Fridge Logic: At times it seems as if Stryker & Co. are the only ones on the scene who remember that Magneto is actually a criminal. (His first Heel–Face Turn was still in progress at the time the graphic novel was released.) It's true that during the scene in Madison Square Garden Stryker represents a greater concern than does Mags, who is downed relatively quickly. Still, after Stryker is dealt with, it's a little surprising that no one even considers arresting a man whose last public act involved sinking a Soviet submarine that threatened his attempt to take over the world.
That might be an explanation in and of itself; just try arresting the guy who did that. Magneto is one of the most powerful men in the world; you'd have to be crazy to try and take him on without some serious firepower or resources.
Another example, on a lighter note: why did Wolverine score so well in the Danger Room scenario? He didn't really do anything useful.
Because he actually followed orders. Anyone who knows Wolverine can tell you how well that usually works out.
Fridge Horror: As Storm is a claustrophobe, the small capsule she was imprisoned in by Stryker must have been terrifying to her.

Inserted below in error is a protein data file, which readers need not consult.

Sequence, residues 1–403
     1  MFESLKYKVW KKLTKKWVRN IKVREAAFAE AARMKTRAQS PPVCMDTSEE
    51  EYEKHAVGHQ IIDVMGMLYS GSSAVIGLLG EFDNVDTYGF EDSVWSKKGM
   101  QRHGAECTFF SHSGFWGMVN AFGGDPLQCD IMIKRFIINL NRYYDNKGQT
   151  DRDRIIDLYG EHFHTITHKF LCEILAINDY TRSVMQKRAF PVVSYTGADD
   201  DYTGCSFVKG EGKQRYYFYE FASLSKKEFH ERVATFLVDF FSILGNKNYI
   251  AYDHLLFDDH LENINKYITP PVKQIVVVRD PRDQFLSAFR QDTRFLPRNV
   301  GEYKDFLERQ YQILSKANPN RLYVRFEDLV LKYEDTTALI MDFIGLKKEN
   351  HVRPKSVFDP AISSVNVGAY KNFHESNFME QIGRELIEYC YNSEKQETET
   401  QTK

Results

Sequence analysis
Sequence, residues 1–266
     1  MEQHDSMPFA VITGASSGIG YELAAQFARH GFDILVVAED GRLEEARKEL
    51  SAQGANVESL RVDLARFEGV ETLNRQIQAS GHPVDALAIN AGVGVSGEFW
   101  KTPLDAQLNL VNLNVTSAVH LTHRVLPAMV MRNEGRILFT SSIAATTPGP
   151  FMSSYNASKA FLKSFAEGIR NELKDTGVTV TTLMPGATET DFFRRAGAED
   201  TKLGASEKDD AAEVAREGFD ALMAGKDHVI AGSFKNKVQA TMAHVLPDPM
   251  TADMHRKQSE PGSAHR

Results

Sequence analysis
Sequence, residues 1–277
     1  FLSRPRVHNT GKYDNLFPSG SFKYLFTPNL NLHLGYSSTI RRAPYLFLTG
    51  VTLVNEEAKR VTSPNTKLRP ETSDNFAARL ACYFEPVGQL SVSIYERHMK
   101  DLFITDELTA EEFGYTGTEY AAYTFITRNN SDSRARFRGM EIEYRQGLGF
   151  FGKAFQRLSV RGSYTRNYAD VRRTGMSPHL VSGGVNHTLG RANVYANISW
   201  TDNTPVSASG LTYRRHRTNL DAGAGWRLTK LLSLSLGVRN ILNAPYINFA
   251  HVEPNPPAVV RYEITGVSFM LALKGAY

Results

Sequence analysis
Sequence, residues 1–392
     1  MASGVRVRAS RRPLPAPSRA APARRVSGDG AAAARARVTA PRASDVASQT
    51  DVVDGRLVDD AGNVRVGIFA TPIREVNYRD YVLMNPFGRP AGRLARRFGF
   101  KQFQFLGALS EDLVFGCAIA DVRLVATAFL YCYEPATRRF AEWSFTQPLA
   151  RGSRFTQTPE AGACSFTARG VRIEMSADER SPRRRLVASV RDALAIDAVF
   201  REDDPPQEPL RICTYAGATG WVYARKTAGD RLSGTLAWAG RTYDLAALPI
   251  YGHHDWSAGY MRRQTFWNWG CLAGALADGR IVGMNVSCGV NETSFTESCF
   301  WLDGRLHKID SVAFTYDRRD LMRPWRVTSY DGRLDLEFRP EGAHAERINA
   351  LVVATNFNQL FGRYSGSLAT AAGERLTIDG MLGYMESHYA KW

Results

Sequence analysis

Moral Myopia: Doylist example. Claremont famously had Kitty Pride use the n-word to compare the oppression of mutants to that of black people. Considering that this is comparing a fictional minority to an actual minority, one traditionally threatened by mob violence that most mutants could shrug off easily, the line loses a lot of its impact.
Values Resonance: You would not have to change much if you were to set this story in the present day.
This is probably the reason Stryker was changed to a military general in the movies. Since the movies reach a larger audience, Fox probably didn't want to ruffle too many feathers with a conservative Christian minister as a villain.